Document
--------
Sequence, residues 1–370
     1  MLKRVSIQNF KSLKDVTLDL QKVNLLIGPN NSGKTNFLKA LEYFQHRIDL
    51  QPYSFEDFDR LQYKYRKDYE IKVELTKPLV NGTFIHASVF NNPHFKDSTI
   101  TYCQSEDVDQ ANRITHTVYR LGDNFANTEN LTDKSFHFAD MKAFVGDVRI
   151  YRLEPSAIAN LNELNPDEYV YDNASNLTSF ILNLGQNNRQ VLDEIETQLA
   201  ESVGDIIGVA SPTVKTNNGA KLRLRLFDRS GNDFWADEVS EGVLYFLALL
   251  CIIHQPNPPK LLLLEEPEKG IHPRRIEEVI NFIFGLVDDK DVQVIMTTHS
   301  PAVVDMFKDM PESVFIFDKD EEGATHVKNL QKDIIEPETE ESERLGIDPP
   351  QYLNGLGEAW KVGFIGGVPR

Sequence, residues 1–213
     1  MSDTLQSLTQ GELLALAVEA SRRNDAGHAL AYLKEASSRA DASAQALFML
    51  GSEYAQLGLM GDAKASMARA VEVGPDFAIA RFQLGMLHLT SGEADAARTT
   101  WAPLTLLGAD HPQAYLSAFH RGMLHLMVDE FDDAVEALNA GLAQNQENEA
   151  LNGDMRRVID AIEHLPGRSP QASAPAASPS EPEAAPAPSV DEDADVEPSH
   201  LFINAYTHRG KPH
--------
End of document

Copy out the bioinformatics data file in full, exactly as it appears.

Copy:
Sequence, residues 1–370
     1  MLKRVSIQNF KSLKDVTLDL QKVNLLIGPN NSGKTNFLKA LEYFQHRIDL
    51  QPYSFEDFDR LQYKYRKDYE IKVELTKPLV NGTFIHASVF NNPHFKDSTI
   101  TYCQSEDVDQ ANRITHTVYR LGDNFANTEN LTDKSFHFAD MKAFVGDVRI
   151  YRLEPSAIAN LNELNPDEYV YDNASNLTSF ILNLGQNNRQ VLDEIETQLA
   201  ESVGDIIGVA SPTVKTNNGA KLRLRLFDRS GNDFWADEVS EGVLYFLALL
   251  CIIHQPNPPK LLLLEEPEKG IHPRRIEEVI NFIFGLVDDK DVQVIMTTHS
   301  PAVVDMFKDM PESVFIFDKD EEGATHVKNL QKDIIEPETE ESERLGIDPP
   351  QYLNGLGEAW KVGFIGGVPR

Sequence, residues 1–213
     1  MSDTLQSLTQ GELLALAVEA SRRNDAGHAL AYLKEASSRA DASAQALFML
    51  GSEYAQLGLM GDAKASMARA VEVGPDFAIA RFQLGMLHLT SGEADAARTT
   101  WAPLTLLGAD HPQAYLSAFH RGMLHLMVDE FDDAVEALNA GLAQNQENEA
   151  LNGDMRRVID AIEHLPGRSP QASAPAASPS EPEAAPAPSV DEDADVEPSH
   201  LFINAYTHRG KPH